The European Commission will rule against Ireland’s tax dealings with Apple on Tuesday, sources familiar with the decision told Reuters, one of whom said Dublin would be told to recoup over 1 billion euros in back taxes.
Commissioner Margrethe Vestager will hold a news conference on an antitrust case at noon in Brussels. Though the subject of the case was not given, she was expected to detail her verdict on why a deal that encouraged the U.S. tech giant to route vast profits through Ireland had breached EU state aid laws barring governments giving some firms unfair advantages.
The ruling is likely to anger Washington, which has accused Brussels of campaigning against U.S. corporate success stories.
The European Commission accused Ireland in 2014 of dodging international tax rules by letting Apple shelter profits worth tens of billions of dollars from tax collectors in return for maintaining jobs. Apple and Ireland rejected the accusation; both have said they will appeal any adverse ruling.
The source said the Commission will recommend a figure in back taxes that it expects to be collected, but it will be up to Irish authorities to calculate exactly what is owed.
A bill in excess of 1 billion euros ($1.12 billion) would be far more than the 30 million euros each the European Commission previously ordered Dutch authorities to recover from U.S. coffee chain Starbucks and Luxembourg from Fiat Chrysler for their tax deals.
Both companies and countries have appealed those decisions.
When it opened the Apple investigation in 2014, the Commission told the Irish government that tax rulings it agreed in 1991 and 2007 with the iPhone maker amounted to state aid and might have broken EU laws.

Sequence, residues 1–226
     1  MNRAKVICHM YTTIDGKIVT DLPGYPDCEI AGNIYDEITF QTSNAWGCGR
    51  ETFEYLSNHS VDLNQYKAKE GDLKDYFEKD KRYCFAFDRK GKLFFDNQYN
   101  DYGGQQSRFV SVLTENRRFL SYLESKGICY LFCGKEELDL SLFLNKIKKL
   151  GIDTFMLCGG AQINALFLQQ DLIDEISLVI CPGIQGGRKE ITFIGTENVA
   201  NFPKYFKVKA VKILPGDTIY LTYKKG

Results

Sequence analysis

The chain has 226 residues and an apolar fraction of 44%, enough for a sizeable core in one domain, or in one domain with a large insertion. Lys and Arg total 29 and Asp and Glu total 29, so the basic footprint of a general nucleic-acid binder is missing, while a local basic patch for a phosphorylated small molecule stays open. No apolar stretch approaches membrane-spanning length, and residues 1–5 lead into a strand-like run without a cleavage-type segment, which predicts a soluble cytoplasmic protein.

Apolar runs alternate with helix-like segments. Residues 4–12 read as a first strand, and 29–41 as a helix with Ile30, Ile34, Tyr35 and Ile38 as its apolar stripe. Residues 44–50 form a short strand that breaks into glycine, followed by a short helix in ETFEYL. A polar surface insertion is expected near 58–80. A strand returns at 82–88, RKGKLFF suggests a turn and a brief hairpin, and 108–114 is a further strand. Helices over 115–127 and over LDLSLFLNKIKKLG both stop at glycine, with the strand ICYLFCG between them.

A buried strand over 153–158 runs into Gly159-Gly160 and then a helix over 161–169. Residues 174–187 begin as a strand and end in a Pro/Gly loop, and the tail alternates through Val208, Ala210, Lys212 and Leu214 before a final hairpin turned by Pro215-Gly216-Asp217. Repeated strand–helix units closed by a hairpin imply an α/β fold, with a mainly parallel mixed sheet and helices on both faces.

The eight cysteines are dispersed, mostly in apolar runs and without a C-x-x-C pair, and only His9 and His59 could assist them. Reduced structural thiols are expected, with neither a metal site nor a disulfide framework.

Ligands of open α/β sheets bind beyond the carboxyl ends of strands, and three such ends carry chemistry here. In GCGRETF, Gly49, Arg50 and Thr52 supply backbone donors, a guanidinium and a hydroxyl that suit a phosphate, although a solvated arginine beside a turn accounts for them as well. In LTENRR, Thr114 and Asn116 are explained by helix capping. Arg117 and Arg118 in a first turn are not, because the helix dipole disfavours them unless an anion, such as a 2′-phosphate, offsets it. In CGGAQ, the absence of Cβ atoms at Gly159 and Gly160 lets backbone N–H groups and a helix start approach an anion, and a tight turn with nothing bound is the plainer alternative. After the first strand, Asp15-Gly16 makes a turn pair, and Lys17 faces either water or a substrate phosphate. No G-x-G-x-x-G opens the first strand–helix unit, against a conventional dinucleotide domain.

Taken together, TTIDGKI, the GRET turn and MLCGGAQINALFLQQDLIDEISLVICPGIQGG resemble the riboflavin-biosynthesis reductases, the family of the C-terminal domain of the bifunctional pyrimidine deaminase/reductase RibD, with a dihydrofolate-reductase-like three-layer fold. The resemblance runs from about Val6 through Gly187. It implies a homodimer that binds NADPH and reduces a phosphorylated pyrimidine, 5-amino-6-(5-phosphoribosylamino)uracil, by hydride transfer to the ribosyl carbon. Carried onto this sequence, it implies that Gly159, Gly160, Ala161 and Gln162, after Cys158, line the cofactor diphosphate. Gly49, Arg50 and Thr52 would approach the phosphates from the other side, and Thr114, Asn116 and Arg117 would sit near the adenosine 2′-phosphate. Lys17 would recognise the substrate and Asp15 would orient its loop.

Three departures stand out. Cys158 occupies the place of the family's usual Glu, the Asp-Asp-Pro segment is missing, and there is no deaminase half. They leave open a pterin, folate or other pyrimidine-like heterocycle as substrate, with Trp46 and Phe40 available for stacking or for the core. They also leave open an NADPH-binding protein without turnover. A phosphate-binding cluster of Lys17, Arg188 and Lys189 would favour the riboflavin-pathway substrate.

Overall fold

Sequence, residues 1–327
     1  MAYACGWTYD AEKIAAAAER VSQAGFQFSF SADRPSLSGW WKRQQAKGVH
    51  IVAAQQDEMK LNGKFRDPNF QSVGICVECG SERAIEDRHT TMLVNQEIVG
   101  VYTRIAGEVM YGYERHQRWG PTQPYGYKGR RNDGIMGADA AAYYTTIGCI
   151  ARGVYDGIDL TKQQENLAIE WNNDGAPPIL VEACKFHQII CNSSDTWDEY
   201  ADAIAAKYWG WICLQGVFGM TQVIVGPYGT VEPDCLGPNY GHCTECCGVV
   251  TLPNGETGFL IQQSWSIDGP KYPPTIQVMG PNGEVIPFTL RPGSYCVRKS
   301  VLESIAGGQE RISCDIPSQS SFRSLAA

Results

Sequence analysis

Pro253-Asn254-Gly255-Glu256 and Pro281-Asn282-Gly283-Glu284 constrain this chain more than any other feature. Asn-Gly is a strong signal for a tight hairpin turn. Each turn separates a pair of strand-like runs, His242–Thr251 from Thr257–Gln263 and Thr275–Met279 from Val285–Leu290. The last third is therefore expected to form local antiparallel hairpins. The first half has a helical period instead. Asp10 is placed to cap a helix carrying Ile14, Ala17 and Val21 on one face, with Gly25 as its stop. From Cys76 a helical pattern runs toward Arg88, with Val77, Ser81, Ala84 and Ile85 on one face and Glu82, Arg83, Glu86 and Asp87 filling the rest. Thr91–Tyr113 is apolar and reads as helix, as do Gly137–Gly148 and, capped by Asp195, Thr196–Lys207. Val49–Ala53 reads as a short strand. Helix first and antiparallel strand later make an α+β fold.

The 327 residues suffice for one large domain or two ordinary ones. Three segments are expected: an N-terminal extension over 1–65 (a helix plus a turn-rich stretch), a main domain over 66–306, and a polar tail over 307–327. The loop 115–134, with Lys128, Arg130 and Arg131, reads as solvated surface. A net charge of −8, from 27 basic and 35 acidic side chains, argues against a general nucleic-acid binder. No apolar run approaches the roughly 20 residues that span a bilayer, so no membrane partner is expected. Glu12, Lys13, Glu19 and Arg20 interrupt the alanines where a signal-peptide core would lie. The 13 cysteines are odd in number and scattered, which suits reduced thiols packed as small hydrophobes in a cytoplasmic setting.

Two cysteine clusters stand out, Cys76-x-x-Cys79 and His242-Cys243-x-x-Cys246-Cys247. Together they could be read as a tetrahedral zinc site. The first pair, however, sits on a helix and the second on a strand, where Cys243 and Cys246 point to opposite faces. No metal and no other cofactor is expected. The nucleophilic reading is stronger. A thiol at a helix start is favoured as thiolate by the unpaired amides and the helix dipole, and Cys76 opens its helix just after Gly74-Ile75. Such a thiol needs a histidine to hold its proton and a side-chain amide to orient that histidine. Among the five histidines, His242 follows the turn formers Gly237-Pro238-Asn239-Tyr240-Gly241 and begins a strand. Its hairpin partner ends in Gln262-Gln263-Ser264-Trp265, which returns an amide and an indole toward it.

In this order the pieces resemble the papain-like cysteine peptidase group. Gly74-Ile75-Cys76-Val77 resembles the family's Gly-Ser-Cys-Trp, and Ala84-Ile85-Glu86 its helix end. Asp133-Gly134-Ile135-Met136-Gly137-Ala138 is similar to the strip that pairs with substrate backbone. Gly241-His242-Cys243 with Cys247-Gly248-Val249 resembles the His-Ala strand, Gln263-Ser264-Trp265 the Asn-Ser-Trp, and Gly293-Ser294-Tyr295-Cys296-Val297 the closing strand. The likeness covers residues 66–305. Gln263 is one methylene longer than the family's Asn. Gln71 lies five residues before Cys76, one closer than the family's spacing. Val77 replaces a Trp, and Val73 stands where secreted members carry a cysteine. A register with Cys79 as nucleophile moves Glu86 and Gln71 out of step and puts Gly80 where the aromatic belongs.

The Commission said the rulings were “reverse engineered” to ensure that Apple had a minimal Irish bill and that minutes of meetings between Apple representatives and Irish tax officials showed the company’s tax treatment had been “motivated by employment considerations.”
Apple employs 5,500 workers, or about a quarter of its European-based staff in the Irish city of Cork, where it is the largest private sector employer. It has said it paid Ireland’s 12.5 percent rate on all the income that it generates in the country.
Ireland’s low corporate tax rate has been a cornerstone of economic policy for 20 years, drawing investors from major multinational companies whose staff account for almost one in 10 workers in Ireland.
Some opposition Irish lawmakers have urged Dublin to collect whatever tax the Commission orders it to. But the main opposition party Fianna Fail, whose support the minority administration relies on to pass laws, said it would support an appeal based on the reassurances it had been given by the government to date.
The U.S. Treasury Department published a white paper last week that said the EU executive’s tax investigations departed from international taxation norms and would have an outsized impact on U.S. companies. The Commission said it treated all companies equally.